Tuesday, March 11, 2014
In the wake of last week's squeaker of a gubernatorial election, a number of reforms have been proposed which, had they been in place, could have altered the outcome of the race.
Independent candidate Eliot Cutler and his supporters have argued that early voting hurt his candidacy by letting people cast their ballots before he got a chance to make his case.
They also argue that Maine's tradition of fielding viable third-party and non-party candidates offers no way to narrow the field and thus consistently elects governors with a minority of the vote.
Cutler says an instant runoff system, like Portland's just-approved ranked- choice voting system, would be an improvement.
One thing is for certain: The duly elected government will not be where reforms like this are hatched. Don't expect officials to see the flaws in the system that just elected them.
If changes are made, it will most likely come from the people, through petition drives, like the efforts that gave us publicly funded elections and term limits. But Cutler does not think that change is far off, and he has a point. The last two elections have shown an electorate impatient for change and not very enthusiastic about the political parties that fail to deliver it.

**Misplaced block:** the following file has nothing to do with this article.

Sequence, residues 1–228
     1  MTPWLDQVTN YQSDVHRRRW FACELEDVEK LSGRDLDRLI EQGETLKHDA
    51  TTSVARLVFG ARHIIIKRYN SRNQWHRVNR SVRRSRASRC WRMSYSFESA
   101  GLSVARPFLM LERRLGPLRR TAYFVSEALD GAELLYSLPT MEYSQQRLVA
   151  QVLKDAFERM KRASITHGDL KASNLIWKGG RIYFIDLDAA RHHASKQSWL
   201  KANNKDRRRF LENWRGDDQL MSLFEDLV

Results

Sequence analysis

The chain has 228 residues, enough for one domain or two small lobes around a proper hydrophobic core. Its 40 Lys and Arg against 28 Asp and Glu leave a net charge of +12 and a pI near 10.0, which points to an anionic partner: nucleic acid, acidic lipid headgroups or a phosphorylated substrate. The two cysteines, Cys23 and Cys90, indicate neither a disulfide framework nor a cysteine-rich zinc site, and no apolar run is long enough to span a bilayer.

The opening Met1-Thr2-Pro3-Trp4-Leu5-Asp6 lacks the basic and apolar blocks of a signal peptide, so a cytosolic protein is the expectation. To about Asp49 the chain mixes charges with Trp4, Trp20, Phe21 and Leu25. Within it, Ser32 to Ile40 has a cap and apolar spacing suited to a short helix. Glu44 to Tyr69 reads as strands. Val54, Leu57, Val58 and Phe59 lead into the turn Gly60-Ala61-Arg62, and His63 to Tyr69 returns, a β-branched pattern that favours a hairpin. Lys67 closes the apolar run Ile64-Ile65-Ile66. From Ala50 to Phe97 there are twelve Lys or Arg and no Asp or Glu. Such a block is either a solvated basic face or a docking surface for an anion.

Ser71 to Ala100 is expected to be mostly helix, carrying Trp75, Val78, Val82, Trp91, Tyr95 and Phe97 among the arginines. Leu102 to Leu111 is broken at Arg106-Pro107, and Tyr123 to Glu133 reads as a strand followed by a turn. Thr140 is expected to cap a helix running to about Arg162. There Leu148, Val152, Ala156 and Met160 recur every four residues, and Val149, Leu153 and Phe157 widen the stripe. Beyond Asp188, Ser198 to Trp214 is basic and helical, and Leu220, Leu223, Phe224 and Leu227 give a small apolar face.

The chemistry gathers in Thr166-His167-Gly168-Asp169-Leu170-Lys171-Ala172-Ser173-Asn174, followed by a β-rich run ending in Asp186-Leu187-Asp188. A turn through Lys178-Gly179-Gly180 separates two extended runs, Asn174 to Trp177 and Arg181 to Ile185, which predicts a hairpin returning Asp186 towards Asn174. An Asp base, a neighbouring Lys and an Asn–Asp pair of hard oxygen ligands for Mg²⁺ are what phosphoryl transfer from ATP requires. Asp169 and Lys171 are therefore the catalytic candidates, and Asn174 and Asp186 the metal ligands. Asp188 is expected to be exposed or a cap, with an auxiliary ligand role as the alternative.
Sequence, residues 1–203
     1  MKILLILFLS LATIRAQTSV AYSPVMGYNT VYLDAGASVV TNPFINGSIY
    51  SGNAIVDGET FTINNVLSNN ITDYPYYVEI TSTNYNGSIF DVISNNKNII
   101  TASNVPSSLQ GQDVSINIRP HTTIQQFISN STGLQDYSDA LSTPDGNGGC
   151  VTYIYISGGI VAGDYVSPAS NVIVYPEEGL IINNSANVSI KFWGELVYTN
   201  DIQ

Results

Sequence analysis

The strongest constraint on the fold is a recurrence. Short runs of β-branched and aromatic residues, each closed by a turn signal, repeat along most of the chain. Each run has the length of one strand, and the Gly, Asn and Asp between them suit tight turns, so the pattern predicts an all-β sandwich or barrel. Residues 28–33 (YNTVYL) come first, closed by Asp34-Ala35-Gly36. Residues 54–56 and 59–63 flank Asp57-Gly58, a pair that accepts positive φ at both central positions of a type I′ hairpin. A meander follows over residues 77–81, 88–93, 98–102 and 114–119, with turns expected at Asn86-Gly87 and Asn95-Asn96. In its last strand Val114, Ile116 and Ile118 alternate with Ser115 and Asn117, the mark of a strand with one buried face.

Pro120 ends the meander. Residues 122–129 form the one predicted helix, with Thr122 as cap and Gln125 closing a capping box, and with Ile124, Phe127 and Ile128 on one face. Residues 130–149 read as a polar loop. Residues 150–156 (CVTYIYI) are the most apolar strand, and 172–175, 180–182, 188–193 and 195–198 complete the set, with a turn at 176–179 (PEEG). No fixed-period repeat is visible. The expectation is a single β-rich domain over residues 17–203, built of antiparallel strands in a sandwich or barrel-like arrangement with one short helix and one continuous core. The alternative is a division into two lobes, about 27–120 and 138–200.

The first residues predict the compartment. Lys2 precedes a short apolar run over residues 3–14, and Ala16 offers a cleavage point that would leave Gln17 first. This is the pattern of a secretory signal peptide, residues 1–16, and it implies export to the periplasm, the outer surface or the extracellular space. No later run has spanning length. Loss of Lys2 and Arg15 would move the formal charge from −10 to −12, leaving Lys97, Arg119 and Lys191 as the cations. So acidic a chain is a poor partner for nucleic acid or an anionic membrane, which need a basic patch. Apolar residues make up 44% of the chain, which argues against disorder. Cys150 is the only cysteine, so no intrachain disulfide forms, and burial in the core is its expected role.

Like many traditional institutions (including newspapers), political parties have been rocked by the information revolution. Parties used to be the organizations that brought diverse interests together and mediated their differences to build the coalitions that can win elections. Now technology gives the interests direct access to the voters. The parties are no longer necessary for communication, leaving an opening for some new kind of political organization that can bring coalitions together and win elections.
It's too early to say what this organization would look like, or whether it would be centered around a candidate or a set of issues.
But Cutler's close race shows that Maine's independent nature makes this a place where we could see some real changes in the way electoral politics will work in the information age.